Alain Vigneault

Lockout (kind of) pushed Canucks coach Vigneault into parents’ basement

Alain Vigneault has taken the Vancouver Canucks to the Stanley Cup finals and, lately, he’s lived in his parents’ basement at the age of 51.

He has the lockout to blame for that — but it’s not because his financial situation has gotten so bad that he had no where else to turn.

“A lot of people were saying: ‘Boy, the lockout must really be affecting you money-wise if you have to go back and live with your parents,'” Vigneault said in a Vancouver Sun report. “For a while, it was a running joke. I was doing some renovations on my home and I had to move back in with my parents.

“I wasn’t supposed to be here. Training camp was going to start and I would be in Vancouver and the renovations would get done while I was away. Then the lockout appeared and I was here and had to move back in with my parents.”

Vigneault said his parents seemed pretty happy about it, although he’s not use to being back home in Gatineau, Quebec during the hockey season.

Compared to some of the other lockout stories we covered, this one might be viewed as a little more lighthearted. However, it’s worth adding that, beyond the players, owners, and coaches, there are others who have been financially hurt by the lockout, some of which didn’t have a lot to start with.

As sports business commentator Tom Mayenknecht put it back in September, “It is the part-time employees, those who are relying on a little bit of an extra bump to meet ends on their a car payments or on their mortgages.

“We’re talking about waitresses, bartenders in pubs that have a big spike when there is NHL hockey being played.”

For Vigneault’s part, like so many others, he hopes this lockout ends soon.

“I swear to God, I miss you guys,” he told the Vancouver Sun’s Iain MacIntyre, while referring to the media. “I’m looking so forward to getting back and having one of those special pre-game press conferences with you guys. I can’t wait to do that again.”

Sens demote former first-rounder Puempel

Matt Puempel
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Looks like Matt Puempel won’t be making the leap after all.

Puempel, the subject of Ottawa’s “looking to make the leap” profile during our Team of the Day series, has been sent down to AHL Binghamton one day prior to the Sens’ opener against Buffalo.

Puempel, taken by Ottawa in the first round (24th overall) at the ’11 draft, made his big-league debut last season and looked as though he’d stick around — only to suffer a high ankle sprain after 13 games, and miss the rest of the season.

The 22-year-old came into this year’s camp looking to secure a full-time position at the big league level, but was beaten out by Shane Prince for the final forward spot on the roster.

To be fair, contract status probably played a role. Prince would’ve had to clear waivers to get down to Bingo, whereas Puempel didn’t.

A former 30-goal scorer in the American League, Puempel is expected to get another look with Ottawa this season.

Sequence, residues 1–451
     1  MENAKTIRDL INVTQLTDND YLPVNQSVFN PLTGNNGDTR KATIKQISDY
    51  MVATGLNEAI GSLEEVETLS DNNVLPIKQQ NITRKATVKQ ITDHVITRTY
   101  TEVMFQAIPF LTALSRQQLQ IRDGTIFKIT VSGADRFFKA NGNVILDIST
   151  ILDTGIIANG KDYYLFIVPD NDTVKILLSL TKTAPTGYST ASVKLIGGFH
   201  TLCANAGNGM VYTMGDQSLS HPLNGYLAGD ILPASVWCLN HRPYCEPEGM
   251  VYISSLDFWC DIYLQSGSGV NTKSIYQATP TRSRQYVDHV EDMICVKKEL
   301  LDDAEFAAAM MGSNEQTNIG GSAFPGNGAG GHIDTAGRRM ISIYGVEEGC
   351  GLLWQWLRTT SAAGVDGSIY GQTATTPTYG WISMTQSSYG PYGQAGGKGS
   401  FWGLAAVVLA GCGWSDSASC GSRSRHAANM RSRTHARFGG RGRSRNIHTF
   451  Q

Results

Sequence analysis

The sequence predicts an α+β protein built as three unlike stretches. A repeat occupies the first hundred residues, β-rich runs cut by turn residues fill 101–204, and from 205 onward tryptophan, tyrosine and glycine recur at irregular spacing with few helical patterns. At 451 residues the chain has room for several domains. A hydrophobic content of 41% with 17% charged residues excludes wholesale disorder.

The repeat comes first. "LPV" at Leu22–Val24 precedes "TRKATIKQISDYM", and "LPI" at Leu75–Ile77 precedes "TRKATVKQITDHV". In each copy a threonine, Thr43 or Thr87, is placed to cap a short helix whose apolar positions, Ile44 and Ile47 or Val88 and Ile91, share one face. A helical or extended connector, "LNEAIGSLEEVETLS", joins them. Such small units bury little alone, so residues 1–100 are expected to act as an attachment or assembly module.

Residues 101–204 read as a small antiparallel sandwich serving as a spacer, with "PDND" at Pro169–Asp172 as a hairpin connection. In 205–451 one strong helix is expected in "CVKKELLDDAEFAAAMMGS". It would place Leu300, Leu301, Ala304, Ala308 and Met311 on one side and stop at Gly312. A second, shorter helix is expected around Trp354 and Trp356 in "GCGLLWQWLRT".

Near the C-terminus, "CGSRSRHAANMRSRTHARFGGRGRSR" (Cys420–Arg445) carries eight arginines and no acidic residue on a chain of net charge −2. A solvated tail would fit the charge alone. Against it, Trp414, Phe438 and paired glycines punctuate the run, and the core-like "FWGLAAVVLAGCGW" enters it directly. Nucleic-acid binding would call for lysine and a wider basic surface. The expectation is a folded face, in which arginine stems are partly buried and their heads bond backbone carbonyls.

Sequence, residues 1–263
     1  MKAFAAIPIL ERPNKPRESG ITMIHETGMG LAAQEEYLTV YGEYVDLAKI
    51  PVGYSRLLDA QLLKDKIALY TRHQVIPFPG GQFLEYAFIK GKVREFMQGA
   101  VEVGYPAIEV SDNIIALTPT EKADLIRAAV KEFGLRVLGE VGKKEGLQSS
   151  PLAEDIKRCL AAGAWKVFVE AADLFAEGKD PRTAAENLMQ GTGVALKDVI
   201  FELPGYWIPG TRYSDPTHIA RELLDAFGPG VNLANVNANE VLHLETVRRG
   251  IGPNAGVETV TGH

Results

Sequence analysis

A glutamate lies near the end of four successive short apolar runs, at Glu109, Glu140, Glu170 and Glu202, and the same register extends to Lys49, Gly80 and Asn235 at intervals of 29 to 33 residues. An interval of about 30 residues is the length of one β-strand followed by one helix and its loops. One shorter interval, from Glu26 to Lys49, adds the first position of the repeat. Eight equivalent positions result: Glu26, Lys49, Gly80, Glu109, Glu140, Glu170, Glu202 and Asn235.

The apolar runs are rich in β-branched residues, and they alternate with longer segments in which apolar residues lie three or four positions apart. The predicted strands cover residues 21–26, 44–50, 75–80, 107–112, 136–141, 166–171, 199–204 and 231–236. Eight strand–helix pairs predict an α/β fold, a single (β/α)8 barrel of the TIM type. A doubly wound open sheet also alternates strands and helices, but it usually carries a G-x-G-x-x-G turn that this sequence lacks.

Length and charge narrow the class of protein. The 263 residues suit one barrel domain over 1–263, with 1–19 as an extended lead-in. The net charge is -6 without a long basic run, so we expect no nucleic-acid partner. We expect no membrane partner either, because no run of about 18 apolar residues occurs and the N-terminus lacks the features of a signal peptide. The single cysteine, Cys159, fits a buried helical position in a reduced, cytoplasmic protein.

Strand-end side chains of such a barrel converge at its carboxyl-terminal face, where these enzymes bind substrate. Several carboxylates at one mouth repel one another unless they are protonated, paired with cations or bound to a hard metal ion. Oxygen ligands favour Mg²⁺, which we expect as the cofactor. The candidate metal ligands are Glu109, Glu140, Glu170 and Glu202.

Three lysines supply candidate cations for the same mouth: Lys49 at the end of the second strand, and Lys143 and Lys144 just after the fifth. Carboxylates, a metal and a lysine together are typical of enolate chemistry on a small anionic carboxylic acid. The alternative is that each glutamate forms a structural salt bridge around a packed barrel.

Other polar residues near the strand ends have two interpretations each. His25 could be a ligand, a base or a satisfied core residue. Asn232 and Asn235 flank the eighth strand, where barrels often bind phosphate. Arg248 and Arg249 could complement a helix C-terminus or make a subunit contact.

Report: Torres won’t appeal 41-game suspension


Sounds like Raffi Torres is accepting his punishment.

Per Sportsnet, Torres won’t appeal his 41-game suspension for an illegal hit to the head of Anaheim’s Jakob Silfverberg.

The report comes just days after the NHL’s Department of Player Safety levied one of the longest disciplinary rulings in league history, citing both the severity of the Silfverberg hit and Torres’ lengthy history of suspensions, fines and warnings.

There was some thought, however, that Torres would try to challenge the ruling.


He does have a history of success in that department. In 2012,Torres successfully appealed his suspension for a headshot on Chicago’s Marian Hossa, and had his punishment reduced from 25 games to 21.

Torres also isn’t considered a “repeat offender” under the current collective bargaining agreement, as his last suspension came in 2013.

Of course, part of that clean record is due to the fact he hasn’t played much. Torres has largely been sidelined by injury for the last two seasons, missing all of last year with knee problems.

Sportsnet’s Elliotte Friedman delved further into the repeat offender thing in his latest 30 Thoughts column:

If you read the relevant sections of the CBA, the league takes the position that the repeat offender status is only applicable to fines. Repeaters are fined on a per-game basis, non-repeaters on a per-day basis. (The former is more expensive, because there are fewer games than days in an NHL season.) However, if you go to Section 18.2, among the factors taken into account are, “the status of the offender and, specifically, whether the Player has a history of being subject to Supplementary Discipline for On-Ice Conduct.”

So, in the NHL’s view, a player’s history is relevant, even if longer than 18 months ago.

Should the report prove accurate and Torres doesn’t appeal, he will be eligible to return to action on Jan. 14, when the Sharks take on the Oilers.